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Sudden Shower over Shin Ohashi Bridge and Atake, 1857, Art Institute of Chicago. (Photograph provided by the Art Institute of Chicago)
Disclaimer: This page is intended only to provide general information on copyright, and should not be cited in defense of any particular use of protected works or images. Always consult a copyright professional if you have questions.
All images in the Visual Resources Center are subject to copyright law. These images are intended solely for purposes of teaching, scholarship, and research at the University of Delaware, and may not be used for any commercial purposes. Images in the Visual Resources Center may not be reproduced or transmitted in any form or by any means, electronic, mechanical, or likewise. It is the sole responsibility of the user to secure any and all permissions from the appropriate copyright owners before publishing an image or using it in anything but a nonprofit, educational capacity. The Visual Resources Center does not own the copyright to any of the materials in its collection, and cannot grant any requests for permission to reproduce these materials.
Like an author's book, an artist's work of art (e.g., painting, sculpture, photograph) is considered the intellectual property of the person who created it. Copyright is a legal means of protecting a person's intellectual property from unauthorized use by others. Copyright can apply to the work of art itself, but also to a photographic reproduction of that work of art, as well as to a book in which that photographic reproduction is published.
The protection of intellectual property under United States law is authorized in
Article 1, Section 8, Clause 8 of the Constitution. Today,
Title 17 of the United States Code defines exactly what qualifies for copyright protection, and stipulates
how long that protection will last before a work eventually passes into the public domain.
Copyright protection extends for a fixed number of years after either the creation of a work, the publication of a work, or the death of the artist or author, depending on the case. Under current law, copyright on works of art created by a known artist generally expires 70 years after the artist's death. Whenever the artist's death date cannot be established (either the artist is unknown or a corporate body is considered to be the artist), works are covered for 95 years from the date of publication or 120 years from the date of creation, whichever comes first.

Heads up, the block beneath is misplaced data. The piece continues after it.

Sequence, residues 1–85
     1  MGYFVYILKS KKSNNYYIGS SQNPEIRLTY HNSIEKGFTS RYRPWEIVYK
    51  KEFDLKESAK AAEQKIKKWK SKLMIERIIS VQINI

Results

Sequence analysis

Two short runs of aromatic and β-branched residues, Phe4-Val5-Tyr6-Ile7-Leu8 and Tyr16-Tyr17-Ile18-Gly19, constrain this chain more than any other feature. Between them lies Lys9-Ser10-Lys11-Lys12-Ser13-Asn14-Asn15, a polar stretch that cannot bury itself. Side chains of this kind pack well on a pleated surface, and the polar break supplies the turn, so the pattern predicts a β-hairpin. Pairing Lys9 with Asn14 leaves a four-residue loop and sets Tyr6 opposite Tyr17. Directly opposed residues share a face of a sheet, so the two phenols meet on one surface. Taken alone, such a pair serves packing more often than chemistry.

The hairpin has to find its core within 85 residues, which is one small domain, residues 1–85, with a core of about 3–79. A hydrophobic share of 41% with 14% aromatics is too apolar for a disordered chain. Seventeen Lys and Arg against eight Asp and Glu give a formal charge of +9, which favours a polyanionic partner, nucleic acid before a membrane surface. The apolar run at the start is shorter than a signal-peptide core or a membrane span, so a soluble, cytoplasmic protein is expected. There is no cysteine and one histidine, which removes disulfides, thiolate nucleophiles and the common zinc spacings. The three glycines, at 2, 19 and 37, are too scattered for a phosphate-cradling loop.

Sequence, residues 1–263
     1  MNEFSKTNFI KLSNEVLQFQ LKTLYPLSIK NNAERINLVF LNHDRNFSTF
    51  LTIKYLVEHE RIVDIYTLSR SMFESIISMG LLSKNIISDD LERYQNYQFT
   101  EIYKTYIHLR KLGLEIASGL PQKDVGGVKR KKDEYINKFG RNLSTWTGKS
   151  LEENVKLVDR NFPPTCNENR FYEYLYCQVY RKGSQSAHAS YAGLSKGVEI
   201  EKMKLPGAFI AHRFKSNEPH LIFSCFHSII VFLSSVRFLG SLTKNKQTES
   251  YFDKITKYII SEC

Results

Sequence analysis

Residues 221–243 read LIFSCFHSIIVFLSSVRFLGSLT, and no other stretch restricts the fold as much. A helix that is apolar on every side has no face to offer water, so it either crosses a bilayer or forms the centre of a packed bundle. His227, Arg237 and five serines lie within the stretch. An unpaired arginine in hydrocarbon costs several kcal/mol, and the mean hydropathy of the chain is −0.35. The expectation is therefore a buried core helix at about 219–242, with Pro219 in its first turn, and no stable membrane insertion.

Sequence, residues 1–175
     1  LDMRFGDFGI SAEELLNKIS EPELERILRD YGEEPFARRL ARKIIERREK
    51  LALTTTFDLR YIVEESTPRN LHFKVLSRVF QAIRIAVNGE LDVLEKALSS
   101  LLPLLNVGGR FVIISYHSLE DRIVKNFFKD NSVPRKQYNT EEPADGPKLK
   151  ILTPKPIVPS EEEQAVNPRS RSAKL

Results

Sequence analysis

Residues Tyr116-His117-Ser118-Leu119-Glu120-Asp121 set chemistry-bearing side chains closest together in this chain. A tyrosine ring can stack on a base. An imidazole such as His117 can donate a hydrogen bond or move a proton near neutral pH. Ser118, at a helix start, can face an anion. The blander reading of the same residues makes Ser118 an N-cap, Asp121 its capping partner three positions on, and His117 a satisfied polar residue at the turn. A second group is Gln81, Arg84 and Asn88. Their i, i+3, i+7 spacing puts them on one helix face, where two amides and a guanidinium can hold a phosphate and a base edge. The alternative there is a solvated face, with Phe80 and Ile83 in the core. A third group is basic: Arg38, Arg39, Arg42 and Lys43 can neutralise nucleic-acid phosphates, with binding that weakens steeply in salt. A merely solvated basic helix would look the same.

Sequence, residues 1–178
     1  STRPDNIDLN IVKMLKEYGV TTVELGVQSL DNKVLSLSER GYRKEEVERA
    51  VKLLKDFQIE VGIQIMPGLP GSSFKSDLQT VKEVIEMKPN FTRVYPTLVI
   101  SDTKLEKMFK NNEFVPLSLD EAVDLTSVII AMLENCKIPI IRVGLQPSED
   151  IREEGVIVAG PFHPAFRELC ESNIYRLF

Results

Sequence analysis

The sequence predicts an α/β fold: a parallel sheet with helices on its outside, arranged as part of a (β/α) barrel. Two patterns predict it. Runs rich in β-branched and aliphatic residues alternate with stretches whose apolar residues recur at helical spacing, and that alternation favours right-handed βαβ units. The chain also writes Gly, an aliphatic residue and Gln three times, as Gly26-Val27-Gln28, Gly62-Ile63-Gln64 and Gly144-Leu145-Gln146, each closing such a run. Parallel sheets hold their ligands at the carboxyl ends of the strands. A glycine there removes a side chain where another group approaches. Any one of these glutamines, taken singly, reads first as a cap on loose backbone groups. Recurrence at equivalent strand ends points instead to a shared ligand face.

Architectural works (i.e., buildings) completed before 1990 are not typically protected by copyright. However, an architect's drawings are treated as works of art, and would therefore be protected for 70 years after the architect's death. Architectural works completed in 1990 or later are generally protected by copyright. However, if a copyrighted architectural work is in a public place, you are permitted to photograph it without infringing upon the architect's copyright.
Works that are no longer protected by copyright are said to be in the public domain. Most works made prior to the 20th century fall into this category. Anyone may freely reproduce public-domain works.
However, even if a
work of art is itself in the public domain, a given photographic
image of it may not be. Unless you yourself made the photograph of the public-domain work in person, an image of that work is probably copyrighted by someone else. Professional photographers, museums, and publishers usually require permission (and often a fee) before you can reproduce their images of public-domain works from sources like websites or books.
For works of art that are already in the public domain, some cultural institutions have implemented open-access policies, which allow you to download and use images of these works without having to obtain permission or pay a fee. In many cases you are free to use these images however you wish, but sometimes there are additional restrictions and stipulations, so pay close attention to each institution's rights statement. Open-access policies apply only to the images, and not to the works of art themselves, so copyrighted works made since about 1900 are generally excluded. For more information, consult the Visual Resources Center's
Guide to Open Digital Image Collections and list of
All of the images on the Visual Resources Center's web pages come from open-access sources.
Copyrighted materials are permitted in the Visual Resources Center because of the
fair use limitation to copyright protection, which allows them to be used for purposes that are educational and non-commercial in nature. Because of fair use, instructors may show these images in the classroom, and students may use them to illustrate their own class assignments. However, publishing these images in a book or posting them on an unrestricted website is
not considered fair use.
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